The ability to generate force and movement is central to many of the basic functions of cells, including cell division, differentiation, and development. Within cells, proteins called molecular motors generate mechanical force and movement by harnessing the energy of ATP.
For nearly 30 years, Dr. James A. Spudich has studied, at a molecular level, how the protein motor myosin drives cell motility, cytokinesis, and muscle contraction. His studies of the slime mold Dictyostelium provided genetic proof that myosin is required for cell morphogenesis and cytokinesis. To study mammalian muscle contraction, he developed in vitro assays for ATP-dependent movement of purified myosin on actin filaments. He is able to observe the interaction of individual molecules of actin and myosin using an optical tweezer (laser trap) technique developed in collaboration with Nobel laureate Steven Chu.
Dr. Spudich is a professor of biochemistry and developmental biology at Stanford University School of Medicine. He has been a member of the Stanford faculty for 22 years, and during that time served as chairman in two different departments (cell biology, now called structural biology, and biochemistry). Previously, he served for 6 years on the faculty of the University of California, San Francisco.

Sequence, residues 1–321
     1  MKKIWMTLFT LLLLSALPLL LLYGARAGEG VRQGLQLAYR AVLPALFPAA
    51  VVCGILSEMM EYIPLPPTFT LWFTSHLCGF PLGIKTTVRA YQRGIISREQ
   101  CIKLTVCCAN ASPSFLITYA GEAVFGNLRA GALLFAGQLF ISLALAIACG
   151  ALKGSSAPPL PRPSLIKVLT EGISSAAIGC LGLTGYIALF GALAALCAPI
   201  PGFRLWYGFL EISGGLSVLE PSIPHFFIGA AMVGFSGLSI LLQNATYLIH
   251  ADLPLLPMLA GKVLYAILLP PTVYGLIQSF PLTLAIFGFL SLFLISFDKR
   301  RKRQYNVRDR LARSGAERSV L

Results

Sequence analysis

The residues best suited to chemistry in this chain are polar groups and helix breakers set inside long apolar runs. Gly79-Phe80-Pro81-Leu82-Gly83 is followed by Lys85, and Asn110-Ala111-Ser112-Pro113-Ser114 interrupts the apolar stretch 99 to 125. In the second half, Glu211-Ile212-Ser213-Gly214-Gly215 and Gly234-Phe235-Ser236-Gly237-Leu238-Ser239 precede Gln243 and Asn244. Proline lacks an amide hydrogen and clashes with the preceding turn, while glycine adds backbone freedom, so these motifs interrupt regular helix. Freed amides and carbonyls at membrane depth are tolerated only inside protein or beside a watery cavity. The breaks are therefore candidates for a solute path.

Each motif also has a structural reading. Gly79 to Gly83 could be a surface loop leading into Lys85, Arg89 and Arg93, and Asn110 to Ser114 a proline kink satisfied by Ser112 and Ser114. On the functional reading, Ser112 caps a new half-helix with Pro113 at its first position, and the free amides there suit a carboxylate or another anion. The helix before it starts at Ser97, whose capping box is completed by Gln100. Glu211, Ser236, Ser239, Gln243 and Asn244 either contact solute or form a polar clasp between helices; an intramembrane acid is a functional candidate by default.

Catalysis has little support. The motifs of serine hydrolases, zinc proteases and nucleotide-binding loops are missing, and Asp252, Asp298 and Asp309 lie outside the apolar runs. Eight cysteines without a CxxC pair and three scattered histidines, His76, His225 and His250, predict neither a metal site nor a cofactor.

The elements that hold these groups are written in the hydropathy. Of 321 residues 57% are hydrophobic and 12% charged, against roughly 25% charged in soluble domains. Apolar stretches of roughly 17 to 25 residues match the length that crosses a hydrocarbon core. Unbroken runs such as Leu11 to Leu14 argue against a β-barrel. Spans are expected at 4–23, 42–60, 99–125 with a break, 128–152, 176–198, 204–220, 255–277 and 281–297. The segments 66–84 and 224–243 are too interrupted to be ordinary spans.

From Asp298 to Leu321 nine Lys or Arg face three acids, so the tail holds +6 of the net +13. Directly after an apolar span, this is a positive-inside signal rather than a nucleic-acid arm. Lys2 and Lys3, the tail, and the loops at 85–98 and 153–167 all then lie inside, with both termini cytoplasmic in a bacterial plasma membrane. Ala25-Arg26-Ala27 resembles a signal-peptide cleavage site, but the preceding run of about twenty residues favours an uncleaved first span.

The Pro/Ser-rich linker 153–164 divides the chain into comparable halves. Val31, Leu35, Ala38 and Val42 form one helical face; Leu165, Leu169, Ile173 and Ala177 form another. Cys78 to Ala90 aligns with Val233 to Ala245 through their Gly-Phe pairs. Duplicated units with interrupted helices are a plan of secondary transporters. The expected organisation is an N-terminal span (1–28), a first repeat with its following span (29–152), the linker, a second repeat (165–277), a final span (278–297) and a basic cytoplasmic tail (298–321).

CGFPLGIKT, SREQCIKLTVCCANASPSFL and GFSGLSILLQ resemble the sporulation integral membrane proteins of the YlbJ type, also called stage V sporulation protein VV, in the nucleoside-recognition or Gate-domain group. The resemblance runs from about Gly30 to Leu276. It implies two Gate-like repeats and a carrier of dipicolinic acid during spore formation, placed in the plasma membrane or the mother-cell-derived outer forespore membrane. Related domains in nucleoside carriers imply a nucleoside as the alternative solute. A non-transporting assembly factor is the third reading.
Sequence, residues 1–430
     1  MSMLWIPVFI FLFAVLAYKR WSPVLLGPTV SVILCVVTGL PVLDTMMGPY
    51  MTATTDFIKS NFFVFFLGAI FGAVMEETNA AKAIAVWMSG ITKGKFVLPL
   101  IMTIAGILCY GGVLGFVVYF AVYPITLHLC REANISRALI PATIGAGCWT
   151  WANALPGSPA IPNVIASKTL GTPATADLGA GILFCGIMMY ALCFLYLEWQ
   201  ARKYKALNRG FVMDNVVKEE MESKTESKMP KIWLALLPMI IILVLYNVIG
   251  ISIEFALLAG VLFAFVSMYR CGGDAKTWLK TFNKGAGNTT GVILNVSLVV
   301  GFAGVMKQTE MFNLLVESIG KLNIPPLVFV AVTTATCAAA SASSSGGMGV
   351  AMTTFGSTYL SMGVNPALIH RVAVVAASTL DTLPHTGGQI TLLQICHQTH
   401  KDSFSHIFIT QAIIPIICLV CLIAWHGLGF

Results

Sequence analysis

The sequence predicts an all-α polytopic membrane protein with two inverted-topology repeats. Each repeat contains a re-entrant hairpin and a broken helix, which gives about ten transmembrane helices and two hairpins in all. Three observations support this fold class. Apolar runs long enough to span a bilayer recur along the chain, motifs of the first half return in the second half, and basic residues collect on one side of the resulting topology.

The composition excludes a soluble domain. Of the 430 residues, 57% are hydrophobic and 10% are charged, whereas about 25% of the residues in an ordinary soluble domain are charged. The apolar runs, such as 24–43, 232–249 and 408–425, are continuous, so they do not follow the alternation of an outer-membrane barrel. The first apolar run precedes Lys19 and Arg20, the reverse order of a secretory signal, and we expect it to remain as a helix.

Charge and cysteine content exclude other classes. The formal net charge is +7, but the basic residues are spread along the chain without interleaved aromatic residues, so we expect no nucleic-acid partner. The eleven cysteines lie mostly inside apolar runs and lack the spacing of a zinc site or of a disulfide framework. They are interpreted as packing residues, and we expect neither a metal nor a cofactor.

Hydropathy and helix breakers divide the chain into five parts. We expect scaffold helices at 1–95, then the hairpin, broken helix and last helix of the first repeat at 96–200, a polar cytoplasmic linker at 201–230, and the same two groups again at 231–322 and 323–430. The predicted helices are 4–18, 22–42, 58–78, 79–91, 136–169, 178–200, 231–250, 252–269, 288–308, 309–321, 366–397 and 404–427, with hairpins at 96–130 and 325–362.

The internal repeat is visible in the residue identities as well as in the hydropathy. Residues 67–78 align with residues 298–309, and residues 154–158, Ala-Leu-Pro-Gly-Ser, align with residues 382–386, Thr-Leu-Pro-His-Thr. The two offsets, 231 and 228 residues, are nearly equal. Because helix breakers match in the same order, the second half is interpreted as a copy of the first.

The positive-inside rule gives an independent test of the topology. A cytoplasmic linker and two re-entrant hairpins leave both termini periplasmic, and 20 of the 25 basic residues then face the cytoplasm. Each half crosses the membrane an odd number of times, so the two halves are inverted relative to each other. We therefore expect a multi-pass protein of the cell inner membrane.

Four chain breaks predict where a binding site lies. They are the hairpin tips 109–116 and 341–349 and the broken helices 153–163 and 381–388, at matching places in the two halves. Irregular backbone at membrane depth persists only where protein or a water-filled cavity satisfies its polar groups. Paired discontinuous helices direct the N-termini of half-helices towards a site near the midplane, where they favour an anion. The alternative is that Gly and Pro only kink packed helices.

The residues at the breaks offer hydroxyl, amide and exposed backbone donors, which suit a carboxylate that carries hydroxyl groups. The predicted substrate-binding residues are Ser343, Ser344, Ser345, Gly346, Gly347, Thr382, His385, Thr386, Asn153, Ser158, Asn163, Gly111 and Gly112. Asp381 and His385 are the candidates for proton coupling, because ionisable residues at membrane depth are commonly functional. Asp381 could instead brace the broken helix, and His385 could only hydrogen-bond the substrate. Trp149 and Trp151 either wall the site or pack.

Dr. Spudich earned his B.S. in chemistry from the University of Illinois and his Ph.D. in biochemistry from Stanford University. He did postdoctoral work at Stanford and then at the MRC Laboratory of Molecular Biology at Cambridge University.
In 1987, he was appointed the Douglass M. and Nola Leishman Professor of Cardiovascular Disease, an endowed professorship at Stanford that recognizes the potential importance of cell movement studies in understanding cardiovascular disease.
Dr. Spudich has published more than 180 articles in scientific journals and has served as editor on a number of these journals. He is currently associate editor of Molecular Biology of the Cell, and he has edited the Annual Review of Cell and Developmental Biology since its inception in 1994.
He is a member of several scientific societies and served as the president of the American Society for Cell Biology in 1989. He was elected to the National Academy of Sciences in 1991 and to the American Academy of Arts and Sciences in 1997.
Most recently, he was appointed to lead Stanford's new Bio-X interdisciplinary initiative, which is designed to "foster the coming together of leading-edge research in basic, applied, and clinical sciences to enable tomorrow's discoveries and technological advances across the full spectrum from molecules to organisms."
NIGMS has supported his work since 1977 and has provided him with a MERIT Award since 1991.
This page last reviewed on
11/18/2013 4:04 PM
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